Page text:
Historic Route 66, Illinois

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About Historic Route 66:

Route 66 means different things to different people, but freedom is a common theme. For families like the Joads, it proved an avenue of escape from dust bowl stricken farms. For troops heading to the battlefronts of World War II, it provided a means to combat world tyranny. For countless American families, it held the promise of a new life out West or an old-fashioned family road trip. Known during its heyday as America's Main Street, this byway holds a special place in the collective consciousness as the herald of a new era of travel.

Decommissioned in 1985, the route is fragmented and sections of it no longer exist. The Mother Road is enjoying a restoration as part of the National Scenic Byways program in Illinois, New Mexico and Arizona, making large portions of the Route 66 adventure easily accessible and well signed. Traveling the route through the states between Illinois and New Mexico is a challenging adventure, so pick up one of the many route-specific guidebooks or maps and hit the road.

During the post-war economic boom, many young people felt restless and disillusioned. They sought solace on the open road away from the big cities and suburbia; pointing their car towards the West and driv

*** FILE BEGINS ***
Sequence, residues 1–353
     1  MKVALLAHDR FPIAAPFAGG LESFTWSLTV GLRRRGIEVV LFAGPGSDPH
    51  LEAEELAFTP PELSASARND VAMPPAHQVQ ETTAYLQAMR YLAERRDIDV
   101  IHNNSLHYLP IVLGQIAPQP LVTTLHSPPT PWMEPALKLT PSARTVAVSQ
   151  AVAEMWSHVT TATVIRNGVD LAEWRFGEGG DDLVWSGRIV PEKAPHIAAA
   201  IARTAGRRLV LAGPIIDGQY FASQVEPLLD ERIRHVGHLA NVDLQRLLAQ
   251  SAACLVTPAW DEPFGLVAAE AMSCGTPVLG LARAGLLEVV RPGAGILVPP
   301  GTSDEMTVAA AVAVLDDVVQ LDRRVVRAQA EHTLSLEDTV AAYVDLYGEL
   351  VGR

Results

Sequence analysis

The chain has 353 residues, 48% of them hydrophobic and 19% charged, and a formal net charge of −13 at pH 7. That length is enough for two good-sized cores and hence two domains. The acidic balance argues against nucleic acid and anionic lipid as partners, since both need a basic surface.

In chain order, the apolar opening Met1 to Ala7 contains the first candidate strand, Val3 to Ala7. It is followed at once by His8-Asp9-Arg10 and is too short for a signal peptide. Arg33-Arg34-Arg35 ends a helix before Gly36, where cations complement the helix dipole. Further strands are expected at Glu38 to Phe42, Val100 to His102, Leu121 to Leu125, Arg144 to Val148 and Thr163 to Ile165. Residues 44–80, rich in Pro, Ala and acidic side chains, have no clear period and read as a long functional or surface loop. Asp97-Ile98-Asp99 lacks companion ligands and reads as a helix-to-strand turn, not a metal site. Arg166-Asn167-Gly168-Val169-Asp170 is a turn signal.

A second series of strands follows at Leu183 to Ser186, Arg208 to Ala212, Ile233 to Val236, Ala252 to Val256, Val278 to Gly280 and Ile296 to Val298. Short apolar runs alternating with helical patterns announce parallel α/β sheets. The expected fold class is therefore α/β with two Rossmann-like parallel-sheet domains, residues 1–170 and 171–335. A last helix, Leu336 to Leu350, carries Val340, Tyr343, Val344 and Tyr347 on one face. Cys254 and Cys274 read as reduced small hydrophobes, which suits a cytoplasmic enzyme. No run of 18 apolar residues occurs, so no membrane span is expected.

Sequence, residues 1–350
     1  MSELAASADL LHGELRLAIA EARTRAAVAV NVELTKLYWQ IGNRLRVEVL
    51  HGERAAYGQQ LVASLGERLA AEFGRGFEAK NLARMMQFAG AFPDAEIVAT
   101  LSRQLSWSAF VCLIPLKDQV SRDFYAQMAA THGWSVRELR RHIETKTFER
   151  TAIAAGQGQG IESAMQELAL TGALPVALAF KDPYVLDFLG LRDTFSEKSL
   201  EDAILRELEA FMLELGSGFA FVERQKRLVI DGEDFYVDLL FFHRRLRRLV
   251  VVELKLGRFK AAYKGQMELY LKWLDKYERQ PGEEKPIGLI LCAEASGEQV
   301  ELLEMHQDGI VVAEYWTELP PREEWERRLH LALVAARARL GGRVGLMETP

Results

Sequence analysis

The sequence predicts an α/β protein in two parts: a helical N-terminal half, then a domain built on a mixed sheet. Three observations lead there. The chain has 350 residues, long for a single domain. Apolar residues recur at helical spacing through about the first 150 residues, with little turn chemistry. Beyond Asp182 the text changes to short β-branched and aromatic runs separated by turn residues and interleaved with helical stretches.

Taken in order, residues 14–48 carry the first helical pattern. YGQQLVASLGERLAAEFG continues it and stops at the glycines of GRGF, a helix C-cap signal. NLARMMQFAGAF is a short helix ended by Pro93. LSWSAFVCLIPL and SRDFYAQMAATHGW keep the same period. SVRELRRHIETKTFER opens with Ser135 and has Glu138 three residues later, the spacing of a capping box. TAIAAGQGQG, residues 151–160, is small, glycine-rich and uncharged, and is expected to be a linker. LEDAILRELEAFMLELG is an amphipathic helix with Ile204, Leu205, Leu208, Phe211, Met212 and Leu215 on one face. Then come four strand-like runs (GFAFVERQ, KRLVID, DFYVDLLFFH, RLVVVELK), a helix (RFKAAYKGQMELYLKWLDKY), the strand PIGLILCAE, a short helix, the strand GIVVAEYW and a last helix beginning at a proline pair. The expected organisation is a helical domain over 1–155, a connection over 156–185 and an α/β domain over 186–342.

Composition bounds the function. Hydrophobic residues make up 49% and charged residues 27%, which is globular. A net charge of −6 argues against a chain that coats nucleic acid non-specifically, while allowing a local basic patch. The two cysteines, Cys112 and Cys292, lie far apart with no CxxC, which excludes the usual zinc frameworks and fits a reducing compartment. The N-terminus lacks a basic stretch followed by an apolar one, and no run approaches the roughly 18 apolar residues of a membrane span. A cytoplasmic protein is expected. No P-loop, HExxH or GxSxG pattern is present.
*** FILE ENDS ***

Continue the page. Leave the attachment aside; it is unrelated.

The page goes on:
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Wikipedia Description
About Historic Route 66:
U.S. Route 66 (also known as the Will Rogers Highway after the humorist, and colloquially known as the "Main Street of America" or the "Mother Road") was a highway in the U.S. Highway System. One of the original U.S. highways, Route 66, US Highway 66, was established on November 11, 1926. However, road signs did not go up until the following year. The famous highway originally ran from Chicago, Illinois, through Missouri, Kansas, Oklahoma, Texas, New Mexico, Arizona, and California, before ending at Los Angeles, encompassing a total of 2,448 miles (3,940 km). It was recognized in popular culture by both a hit song and a television show in the 1950s and 1960s. Route 66 underwent many improvements and realignments over its lifetime, changing its path and overall length. Many of the realignments gave travelers faster or safer routes, or detoured around city congestion. One realignment moved the western endpoint further west from downtown Los Angeles to Santa Monica. Route 66 was a m
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